South: Cambridge rolls are undervalued

Having had a few very warm days (upto 16C) at the beginning of the month, we’ve now returned to winter and another cold week is forecast at the time of writing.

Autumn drilled crops had started to grow, but all but the most sheltered fields have stopped again.  There are rape crops that still look as we would expect them in October, but other fields are in stem extension with flower buds easily visible. 

Timing of Galera will be very tricky as weeds want to be actively growing but it needs to be on before flower buds start to rise above the canopy. Window of opportunity may only be 3-4 days this year. 

The two photos below show the variation in crops very well, both were taken on the same day about 10 miles apart, both are viable.

Tim Bullock pic 1.jpg

Tim bullock pic 2.jpg

Pigeons and/or deer are still causing problems. Keeping them off crops is vitally important now, if they keep stripping off new growth plants are going to struggle to produce energy that will be needed for growth.  The only saving grace is that they are removing phoma and light leaf spot from some of the crops.Cereals have perked up in the warm spell and most are producing tillers, but this cold weather has stopped them in their tracks.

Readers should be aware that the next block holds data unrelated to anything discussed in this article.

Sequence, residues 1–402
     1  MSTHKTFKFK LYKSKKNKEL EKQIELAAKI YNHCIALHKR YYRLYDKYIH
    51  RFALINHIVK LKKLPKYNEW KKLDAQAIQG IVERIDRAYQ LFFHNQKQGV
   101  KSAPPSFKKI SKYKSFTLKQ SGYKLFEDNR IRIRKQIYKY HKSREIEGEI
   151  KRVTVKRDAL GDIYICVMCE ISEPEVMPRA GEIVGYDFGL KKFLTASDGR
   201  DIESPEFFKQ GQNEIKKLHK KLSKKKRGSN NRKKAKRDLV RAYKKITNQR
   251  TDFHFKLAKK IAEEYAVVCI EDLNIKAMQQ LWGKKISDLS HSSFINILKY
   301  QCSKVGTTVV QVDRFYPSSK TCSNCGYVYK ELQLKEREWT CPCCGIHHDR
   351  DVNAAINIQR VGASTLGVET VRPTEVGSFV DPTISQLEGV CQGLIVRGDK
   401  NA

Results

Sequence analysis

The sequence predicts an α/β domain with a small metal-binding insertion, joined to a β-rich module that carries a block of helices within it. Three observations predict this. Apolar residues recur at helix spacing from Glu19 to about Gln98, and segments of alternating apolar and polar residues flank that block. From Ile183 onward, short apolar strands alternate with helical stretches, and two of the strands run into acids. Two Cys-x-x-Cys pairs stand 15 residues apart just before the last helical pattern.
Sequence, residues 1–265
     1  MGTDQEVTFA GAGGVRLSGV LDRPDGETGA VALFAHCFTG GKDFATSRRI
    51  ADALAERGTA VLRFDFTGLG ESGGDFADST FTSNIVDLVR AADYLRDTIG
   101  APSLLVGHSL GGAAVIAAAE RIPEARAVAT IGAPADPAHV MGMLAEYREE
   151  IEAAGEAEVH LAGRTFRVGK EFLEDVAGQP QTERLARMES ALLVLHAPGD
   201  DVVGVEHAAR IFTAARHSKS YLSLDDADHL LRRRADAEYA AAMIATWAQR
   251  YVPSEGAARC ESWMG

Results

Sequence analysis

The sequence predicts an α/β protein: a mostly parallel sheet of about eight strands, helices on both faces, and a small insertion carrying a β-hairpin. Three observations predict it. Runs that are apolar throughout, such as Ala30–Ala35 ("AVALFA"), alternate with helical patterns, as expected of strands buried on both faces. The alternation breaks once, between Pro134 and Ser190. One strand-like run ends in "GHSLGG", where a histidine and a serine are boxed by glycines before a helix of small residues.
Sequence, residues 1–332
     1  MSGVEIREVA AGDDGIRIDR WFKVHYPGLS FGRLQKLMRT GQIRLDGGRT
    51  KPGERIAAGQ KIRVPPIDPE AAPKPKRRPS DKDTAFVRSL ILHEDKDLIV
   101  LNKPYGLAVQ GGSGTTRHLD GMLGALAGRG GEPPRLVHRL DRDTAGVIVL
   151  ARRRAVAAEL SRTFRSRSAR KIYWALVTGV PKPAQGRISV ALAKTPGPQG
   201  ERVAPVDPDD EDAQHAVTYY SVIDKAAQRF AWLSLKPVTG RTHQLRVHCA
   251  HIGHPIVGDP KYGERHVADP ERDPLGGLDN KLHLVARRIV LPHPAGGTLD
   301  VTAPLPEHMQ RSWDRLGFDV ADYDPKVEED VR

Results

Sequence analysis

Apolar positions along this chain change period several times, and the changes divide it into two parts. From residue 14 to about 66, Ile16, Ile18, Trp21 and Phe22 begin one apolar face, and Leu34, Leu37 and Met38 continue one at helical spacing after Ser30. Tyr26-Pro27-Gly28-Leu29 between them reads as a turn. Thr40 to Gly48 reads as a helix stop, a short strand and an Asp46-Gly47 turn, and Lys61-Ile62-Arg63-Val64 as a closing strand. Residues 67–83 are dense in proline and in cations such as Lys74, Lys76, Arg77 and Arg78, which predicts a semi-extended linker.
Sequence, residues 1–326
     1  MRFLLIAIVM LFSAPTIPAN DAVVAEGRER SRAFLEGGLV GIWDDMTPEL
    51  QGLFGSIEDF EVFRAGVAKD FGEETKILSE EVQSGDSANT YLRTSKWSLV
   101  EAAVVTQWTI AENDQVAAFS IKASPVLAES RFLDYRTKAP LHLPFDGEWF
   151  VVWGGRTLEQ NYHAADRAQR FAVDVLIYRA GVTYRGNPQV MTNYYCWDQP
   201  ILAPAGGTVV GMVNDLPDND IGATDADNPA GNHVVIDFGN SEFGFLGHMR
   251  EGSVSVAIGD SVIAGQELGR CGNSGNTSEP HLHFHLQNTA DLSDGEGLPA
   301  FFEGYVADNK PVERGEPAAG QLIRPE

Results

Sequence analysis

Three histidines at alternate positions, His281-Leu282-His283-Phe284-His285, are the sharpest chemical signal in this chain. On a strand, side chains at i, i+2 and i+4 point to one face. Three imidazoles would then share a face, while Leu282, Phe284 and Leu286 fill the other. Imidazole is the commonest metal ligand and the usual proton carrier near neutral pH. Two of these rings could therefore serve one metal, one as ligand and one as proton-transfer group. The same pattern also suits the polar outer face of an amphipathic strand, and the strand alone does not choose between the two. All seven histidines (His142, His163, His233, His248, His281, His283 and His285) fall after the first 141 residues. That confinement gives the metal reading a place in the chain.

Tiller retention, especially in barley, is going to be key.  Those that had some phosphite with or without trace elements have responded faster than those that didn’t. There are more crops that are due to have some as soon as we can see some active growth. 

Some crops were rolled at the beginning of the month and have responded well, many more are still waiting to be rolled and will, hopefully, pick up rapidly once done. 

Cambridge rolls are still an undervalued management tool, this winter has reminded many just how important they are. I have seen fields where the only established crop is in the wheeling of the quad bike.

There has been alot of cultivations and drilling done in the first half of the month but the rain of last week has stopped that for a few days at least.  There was much land which was still too wet to move before the rain came so that will take longer to dry than some of the lighter land. 

It is only mid March so there is plenty of timing to put spring crops in. I would rather see crops be drilled later than ideal into good warm seed beds than be put in at ideal timings but in poor conditions.  Be patient!

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